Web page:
But are the adivasis so impressionable, so easy to manipulate? Not really. The success of the Hindu whitewash in Kandhamal is thanks to a crafty reworking of an existing caste conflict. Kandhas (after whom Kandhamal is named) form 89 percent of the adivasi population in the district, and are scheduled tribes. The other hill tribe here is Panos, who for close to 200 years, served the Kandhas as farm labourers. Considered an oppressed community, the Panos were classified as Scheduled Castes or dalits. It is this community that has seen the maximum number of people convert to Christianity. Unfortunately, due to an anomaly in the definition of SC in the Constitutional (Scheduled Castes) Order, 1950, SCs who convert to Christianity are no longer eligible for job and education reservations. The Panos have long demanded ST status as hill tribes, but due to desperate need for livelihood, they stopped declaring conversions to Christianity, and reportedly also forged ST certificates. This left the Kandhas, legally STs, seething at having to share their state benefits. Ever since Swami Lakshmananda took charge of the Sangh Parivar’s Kandhamal programme in 1969, the Kandha-Panos conflict became an easy palette to saffronise. In the riots in 2007 and 2008, it was the Kandha tribals that were mobilised to wreak havoc on the Panos Christians.

‘When tractors bring bricks for us to reconstruct our houses, the Hindus block the way,’ says a 27-year-old victim

Even those Christians who have now moved back home from the camps with government compensation of Rs 10,000, 40 kg of rice, sugar, etc. live in constant fear. The relief camps have CRPF guards, the villages don’t. Twenty five families have returned to Pirigada village, and live in tarpaulin tents while trying to rebuild their burnt houses. Across the road are the Hindu houses. “When tractors bring bricks for us to reconstruct our houses, the Hindus block the way,” says 27-yearold Pranay Naik. “Any day now, we expect them to sneak in and kill our children.”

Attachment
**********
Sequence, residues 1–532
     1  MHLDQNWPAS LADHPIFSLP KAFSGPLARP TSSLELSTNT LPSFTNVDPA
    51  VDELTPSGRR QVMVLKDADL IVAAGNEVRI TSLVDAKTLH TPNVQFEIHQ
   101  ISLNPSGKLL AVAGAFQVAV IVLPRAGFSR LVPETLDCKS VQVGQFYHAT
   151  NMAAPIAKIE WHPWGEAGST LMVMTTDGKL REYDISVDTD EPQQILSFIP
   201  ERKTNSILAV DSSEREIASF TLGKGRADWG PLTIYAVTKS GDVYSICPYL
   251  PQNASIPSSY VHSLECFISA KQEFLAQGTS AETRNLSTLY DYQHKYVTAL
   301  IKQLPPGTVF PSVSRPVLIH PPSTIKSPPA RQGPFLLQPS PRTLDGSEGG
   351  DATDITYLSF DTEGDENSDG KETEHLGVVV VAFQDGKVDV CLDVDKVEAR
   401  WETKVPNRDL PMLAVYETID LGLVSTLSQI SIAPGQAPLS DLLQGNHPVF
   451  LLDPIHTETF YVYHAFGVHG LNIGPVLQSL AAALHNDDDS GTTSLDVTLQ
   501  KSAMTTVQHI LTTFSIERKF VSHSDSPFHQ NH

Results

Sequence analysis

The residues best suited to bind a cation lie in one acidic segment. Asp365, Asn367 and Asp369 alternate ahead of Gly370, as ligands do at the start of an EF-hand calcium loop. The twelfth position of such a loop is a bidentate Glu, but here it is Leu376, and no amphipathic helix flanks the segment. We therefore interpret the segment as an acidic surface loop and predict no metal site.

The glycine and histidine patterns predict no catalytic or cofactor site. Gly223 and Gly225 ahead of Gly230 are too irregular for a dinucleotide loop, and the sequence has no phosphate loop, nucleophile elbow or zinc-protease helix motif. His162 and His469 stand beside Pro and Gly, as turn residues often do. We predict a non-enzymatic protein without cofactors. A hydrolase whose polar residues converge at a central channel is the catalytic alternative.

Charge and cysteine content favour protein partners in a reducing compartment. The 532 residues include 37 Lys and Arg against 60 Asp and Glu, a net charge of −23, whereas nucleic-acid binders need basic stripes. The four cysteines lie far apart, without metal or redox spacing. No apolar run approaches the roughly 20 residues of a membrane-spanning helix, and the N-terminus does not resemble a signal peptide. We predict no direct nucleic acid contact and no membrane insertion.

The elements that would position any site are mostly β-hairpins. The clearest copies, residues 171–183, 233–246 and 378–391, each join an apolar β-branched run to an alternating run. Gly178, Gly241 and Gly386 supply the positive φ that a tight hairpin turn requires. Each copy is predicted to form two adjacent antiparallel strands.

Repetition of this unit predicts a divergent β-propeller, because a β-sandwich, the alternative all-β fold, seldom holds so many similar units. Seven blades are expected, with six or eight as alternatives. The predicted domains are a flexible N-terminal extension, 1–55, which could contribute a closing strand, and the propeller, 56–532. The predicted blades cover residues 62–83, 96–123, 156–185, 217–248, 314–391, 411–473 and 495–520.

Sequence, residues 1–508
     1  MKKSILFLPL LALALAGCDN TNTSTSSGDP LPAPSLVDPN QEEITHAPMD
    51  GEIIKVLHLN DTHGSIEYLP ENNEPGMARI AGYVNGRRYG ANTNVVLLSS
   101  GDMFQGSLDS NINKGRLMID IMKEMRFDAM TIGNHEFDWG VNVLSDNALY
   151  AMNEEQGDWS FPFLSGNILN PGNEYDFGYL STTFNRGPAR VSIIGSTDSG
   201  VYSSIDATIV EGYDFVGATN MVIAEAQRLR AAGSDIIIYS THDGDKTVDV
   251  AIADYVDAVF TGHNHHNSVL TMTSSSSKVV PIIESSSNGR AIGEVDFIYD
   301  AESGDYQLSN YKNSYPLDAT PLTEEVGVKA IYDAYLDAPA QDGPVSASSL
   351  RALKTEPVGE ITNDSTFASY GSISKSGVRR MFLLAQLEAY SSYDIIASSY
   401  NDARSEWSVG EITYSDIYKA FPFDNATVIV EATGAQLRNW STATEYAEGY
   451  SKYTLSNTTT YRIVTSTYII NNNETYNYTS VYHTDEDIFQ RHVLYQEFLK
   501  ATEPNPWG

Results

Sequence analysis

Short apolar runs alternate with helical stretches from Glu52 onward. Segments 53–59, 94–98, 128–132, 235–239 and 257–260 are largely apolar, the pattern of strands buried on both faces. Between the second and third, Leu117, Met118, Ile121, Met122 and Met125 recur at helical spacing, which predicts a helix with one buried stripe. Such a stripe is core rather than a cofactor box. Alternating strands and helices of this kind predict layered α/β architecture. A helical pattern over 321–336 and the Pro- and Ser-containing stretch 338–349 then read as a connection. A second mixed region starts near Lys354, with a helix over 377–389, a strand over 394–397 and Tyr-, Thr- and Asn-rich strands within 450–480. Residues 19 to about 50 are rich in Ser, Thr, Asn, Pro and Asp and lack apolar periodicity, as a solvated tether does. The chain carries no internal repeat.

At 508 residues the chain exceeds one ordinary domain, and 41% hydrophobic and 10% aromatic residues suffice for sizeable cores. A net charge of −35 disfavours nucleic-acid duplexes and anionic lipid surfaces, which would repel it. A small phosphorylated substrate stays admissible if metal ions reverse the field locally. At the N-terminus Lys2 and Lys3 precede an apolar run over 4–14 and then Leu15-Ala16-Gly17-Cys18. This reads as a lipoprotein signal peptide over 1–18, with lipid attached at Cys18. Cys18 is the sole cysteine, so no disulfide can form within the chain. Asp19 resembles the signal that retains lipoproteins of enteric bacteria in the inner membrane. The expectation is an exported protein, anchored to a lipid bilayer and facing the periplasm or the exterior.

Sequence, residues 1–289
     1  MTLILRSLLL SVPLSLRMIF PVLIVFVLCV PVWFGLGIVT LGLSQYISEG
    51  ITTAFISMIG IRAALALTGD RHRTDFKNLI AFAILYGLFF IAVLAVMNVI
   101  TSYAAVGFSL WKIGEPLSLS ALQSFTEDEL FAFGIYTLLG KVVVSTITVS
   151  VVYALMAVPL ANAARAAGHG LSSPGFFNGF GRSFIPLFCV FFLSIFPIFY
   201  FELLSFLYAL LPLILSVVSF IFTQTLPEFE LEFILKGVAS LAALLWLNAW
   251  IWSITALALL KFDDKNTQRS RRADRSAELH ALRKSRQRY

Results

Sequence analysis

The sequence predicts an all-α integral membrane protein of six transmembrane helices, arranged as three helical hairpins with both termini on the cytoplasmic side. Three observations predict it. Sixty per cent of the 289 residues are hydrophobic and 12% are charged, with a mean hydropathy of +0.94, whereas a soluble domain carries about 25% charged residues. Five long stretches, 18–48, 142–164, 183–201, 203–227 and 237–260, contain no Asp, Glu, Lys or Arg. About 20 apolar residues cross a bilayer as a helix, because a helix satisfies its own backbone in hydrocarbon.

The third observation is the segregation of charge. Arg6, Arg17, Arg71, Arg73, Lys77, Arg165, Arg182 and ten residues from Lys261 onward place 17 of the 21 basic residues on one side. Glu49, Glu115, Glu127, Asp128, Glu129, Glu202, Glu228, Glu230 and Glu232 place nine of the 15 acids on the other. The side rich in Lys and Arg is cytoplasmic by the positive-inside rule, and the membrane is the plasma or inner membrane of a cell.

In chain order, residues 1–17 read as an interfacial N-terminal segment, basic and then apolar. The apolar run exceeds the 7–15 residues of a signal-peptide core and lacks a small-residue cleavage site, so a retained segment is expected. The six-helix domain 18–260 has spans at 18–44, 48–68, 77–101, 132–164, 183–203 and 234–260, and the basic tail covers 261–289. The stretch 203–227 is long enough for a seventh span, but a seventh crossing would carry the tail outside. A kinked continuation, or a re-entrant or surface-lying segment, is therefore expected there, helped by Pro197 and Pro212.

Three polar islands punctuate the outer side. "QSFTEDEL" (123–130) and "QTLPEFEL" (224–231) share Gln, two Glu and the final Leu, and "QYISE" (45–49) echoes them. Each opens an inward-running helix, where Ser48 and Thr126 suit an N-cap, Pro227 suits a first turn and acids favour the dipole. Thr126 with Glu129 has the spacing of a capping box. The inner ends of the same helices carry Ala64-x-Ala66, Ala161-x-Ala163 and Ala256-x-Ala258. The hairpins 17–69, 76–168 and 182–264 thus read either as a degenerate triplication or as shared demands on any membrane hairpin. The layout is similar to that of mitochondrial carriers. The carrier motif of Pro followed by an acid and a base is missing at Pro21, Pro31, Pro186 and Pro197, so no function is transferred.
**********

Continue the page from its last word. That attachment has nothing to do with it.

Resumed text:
ALSO IN Pirigada are 14 men who underwent the humiliating process of the Lakshmananda brand of conversion to Hinduism. One of them, Siprian Digal still has his red dhoti and a Hanuman-Shiva locket. “They were 700 people. We were 40. The only way to stay alive was to convert,” says Siprian. After sending his wife and daughter to Kerala, he lived in his half-broken house on the Hindu side of the village for three months, unable to draw water from the village well, bathing in the darkness of the night, praying to Mother Mary in private, and Bajrang Bali in public. “One day, I couldn’t take it any more. I went to church, and then moved across the road, where I could be myself,” says Siprian. Christians in Pirigada village realised that the upcoming election will decide how safe they will be. “Congress is the only party at the moment in Kandhamal without blood on their hands,” says Pranay. “The RSS, VHP and BJP were killing us,” says Daud Naik, who lost his brother in the riots. “And because the BJP was an ally, Chief Minister Naveen Patnaik and his party BJD kept quiet. I also realise that the Congress cannot get a majority in Orissa. And I don’t know, will my life change with a change of government? I might as well kill myself instead of spending sleepless nights waiting for a Yuva Vahini thug to stick a knife in my chest.”

As the Orissa administration promises smooth polling in a ‘normal’ Kandhamal, the lead up to the election is already converting the hill terrain into a communal battleground. Different gods are being invoked by different parties, but it is only the demon of paralysing fear that Kandhamal is left with.